School of Biomedical Sciences
The Chinese University of Hong Kong 香港中文大學

SHUM Sau Wun Alisa

Associate Professor

B.Sc. (University of Glasgow), D.Phil. (University of Oxford)

Telephone:  3943 6840

Email:  This email address is being protected from spambots. You need JavaScript enabled to view it.


 308A, Lo Kwee-Seong Integrated Biomedical Sciences Building, Area 39, CUHK




Prof. SHUM Sau Wun Alisa (沈秀媛) is an Associate Professor at the School of Biomedical Sciences of The Chinese University of Hong Kong (CUHK). She received her BSc degree in cell biology from University of Glasgow. She then obtained a DPhil degree in developmental biology from University of Oxford, studying the pathogenic mechanism of neural tube defects. After graduation, she was awarded a Croucher Fellowship to conduct postdoctoral research on genomic imprinting at University of Cambridge prior to joining CUHK.

Prof. Shum has used animal models to study different types of congenital malformations, including neural tube, heart and kidney defects, cleft palate and caudal regression. She has focused on the effect of retinoic acid and maternal diabetes on embryo development. Her group has unraveled a paradoxical teratogenic mechanism for retinoic acid, a key regulator of growth and development, which has important implications for retinoid-based therapies. Her group is the first to demonstrate a mechanistic link between perturbation of retinoid homeostasis and increased susceptibility to malformations in embryos exposed to diabetes. Recent findings from her group also support an association of subnormal retinoid levels with fetal programming of chronic diseases in adulthood. She aims to develop in utero therapeutic interventions to reduce the risk of birth defects and prevent the development of diabetes, obesity and related complications later in life in offspring of mothers with pregestational diabetes. Her current research also includes preclinical studies on novel drugs that have anti-obesity and insulin-sensitizing effects.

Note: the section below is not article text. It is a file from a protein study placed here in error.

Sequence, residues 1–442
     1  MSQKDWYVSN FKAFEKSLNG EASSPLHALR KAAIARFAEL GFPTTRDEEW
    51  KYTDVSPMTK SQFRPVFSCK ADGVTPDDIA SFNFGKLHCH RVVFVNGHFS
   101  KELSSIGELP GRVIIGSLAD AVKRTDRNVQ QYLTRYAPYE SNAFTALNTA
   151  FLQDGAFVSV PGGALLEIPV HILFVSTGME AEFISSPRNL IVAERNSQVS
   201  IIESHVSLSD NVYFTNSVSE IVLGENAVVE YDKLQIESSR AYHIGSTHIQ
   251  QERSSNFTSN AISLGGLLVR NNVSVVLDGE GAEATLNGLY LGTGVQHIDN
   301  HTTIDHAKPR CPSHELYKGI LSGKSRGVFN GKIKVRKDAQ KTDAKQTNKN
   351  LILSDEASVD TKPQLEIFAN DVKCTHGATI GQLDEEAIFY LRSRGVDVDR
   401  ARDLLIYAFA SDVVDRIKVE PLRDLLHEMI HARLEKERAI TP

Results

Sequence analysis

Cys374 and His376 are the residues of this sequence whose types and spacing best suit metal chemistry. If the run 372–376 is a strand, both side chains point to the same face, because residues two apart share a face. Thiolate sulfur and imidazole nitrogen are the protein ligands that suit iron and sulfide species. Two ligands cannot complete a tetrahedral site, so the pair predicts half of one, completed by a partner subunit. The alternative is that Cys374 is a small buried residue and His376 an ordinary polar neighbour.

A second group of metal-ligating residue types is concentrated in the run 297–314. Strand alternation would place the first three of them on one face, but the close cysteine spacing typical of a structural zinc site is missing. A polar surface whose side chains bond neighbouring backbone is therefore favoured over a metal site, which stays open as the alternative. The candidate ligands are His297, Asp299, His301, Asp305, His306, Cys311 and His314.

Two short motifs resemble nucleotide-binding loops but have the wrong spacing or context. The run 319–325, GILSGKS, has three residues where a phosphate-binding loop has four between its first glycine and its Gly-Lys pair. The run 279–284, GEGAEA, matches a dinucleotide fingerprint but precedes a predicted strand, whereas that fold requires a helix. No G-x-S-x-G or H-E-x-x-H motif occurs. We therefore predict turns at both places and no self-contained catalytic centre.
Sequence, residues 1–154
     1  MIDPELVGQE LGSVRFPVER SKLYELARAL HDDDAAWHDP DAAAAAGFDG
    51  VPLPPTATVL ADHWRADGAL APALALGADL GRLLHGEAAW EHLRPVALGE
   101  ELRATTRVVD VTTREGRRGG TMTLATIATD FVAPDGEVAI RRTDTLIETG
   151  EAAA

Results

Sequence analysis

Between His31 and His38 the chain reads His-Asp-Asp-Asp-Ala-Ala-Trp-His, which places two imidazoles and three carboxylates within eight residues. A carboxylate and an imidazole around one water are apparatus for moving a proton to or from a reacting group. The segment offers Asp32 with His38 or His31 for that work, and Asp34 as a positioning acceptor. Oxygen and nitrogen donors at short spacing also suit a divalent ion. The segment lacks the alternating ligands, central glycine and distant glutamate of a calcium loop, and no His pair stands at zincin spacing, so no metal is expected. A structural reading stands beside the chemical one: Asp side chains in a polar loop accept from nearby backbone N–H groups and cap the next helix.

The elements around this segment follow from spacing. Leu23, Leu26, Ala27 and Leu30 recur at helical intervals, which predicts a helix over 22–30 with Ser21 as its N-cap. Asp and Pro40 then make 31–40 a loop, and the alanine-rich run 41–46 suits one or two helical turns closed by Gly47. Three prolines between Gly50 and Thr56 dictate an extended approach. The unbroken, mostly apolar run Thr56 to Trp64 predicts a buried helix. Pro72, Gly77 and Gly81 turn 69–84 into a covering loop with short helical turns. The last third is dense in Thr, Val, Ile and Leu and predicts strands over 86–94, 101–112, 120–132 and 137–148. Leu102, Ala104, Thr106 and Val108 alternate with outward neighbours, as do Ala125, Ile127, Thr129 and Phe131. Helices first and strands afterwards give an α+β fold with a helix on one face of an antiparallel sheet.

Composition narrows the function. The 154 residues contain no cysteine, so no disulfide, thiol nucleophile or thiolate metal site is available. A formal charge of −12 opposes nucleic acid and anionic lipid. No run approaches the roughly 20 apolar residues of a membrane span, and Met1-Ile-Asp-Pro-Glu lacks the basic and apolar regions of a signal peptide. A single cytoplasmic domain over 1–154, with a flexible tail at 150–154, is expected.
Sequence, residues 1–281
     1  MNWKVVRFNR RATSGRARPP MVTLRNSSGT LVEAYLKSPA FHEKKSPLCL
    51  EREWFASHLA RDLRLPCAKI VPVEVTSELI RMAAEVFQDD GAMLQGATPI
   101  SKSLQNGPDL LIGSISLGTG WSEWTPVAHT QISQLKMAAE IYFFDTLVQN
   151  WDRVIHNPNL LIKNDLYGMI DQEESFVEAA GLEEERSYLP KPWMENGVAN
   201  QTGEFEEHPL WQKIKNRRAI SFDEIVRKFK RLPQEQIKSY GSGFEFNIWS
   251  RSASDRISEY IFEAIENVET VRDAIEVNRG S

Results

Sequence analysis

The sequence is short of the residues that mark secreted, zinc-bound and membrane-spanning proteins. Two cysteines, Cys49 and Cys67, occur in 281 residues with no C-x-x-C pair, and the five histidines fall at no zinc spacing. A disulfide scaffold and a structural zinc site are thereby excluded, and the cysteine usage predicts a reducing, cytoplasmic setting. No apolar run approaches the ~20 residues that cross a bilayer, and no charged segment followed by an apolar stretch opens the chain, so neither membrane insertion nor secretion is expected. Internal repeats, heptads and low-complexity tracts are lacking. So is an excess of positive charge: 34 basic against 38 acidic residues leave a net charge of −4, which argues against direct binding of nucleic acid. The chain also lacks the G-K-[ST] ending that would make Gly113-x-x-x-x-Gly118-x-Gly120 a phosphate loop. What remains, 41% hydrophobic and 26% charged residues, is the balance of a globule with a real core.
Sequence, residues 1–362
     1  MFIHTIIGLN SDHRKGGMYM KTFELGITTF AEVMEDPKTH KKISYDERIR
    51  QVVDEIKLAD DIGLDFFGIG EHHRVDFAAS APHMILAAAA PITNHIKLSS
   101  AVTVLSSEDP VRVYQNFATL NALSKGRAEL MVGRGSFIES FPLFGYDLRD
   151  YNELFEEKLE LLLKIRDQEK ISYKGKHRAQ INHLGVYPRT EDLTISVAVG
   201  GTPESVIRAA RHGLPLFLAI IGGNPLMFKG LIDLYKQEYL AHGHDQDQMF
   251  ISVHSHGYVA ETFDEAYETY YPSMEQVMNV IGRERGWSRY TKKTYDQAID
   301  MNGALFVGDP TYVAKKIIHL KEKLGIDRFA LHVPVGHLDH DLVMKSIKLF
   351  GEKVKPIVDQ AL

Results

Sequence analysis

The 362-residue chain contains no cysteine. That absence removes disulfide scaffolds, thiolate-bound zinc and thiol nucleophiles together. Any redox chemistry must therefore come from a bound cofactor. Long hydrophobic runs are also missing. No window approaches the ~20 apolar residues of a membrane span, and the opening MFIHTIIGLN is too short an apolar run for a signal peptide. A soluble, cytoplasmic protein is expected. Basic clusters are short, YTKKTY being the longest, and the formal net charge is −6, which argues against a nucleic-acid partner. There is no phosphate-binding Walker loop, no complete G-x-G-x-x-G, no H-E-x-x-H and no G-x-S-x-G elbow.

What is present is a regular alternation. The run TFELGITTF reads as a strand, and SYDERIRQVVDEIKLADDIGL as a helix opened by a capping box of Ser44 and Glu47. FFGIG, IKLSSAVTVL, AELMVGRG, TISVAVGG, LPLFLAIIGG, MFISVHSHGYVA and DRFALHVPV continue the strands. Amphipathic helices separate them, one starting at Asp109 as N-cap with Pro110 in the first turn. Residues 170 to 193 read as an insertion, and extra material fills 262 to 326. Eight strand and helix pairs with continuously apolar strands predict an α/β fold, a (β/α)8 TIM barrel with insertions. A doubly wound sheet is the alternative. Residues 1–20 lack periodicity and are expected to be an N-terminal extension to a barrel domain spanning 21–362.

1. Development of drugs for prevention and treatment of metabesity (obesity, type 2 diabetes and related metabolic disorders) and neurodegenerative diseases.
  2. Mechanisms underlying fetal programming of obesity, diabetes, hypertension and neurologic disorders.
  3. In utero therapeutic interventions to combat against the adverse effects of maternal diabetes and obesity on embryo development.
  4. Mechanisms underlying abnormal development of the central nervous system.
  1. Lee, L.M.Y., Leung Y.C., & Shum, A.S.W. (2023). Hyperglycemia alters retinoic acid catabolism in embryos exposed to a maternal diabetic milieu. PLoS One, 18(8):e0287253.
  2. Lee, L.M.Y., Tam, S.T.K., McCaffery P.J., & Shum, A.S.W. (2019). Highly sensitive quantitative determination of retinoic acid levels, retinoic acid synthesis, and catabolism in embryonic tissue using a reporter cell-based method. In: Ray S. (eds) Retinoid and Rexinoid Signaling. Methods in Molecular Biology, 2019, 181-192.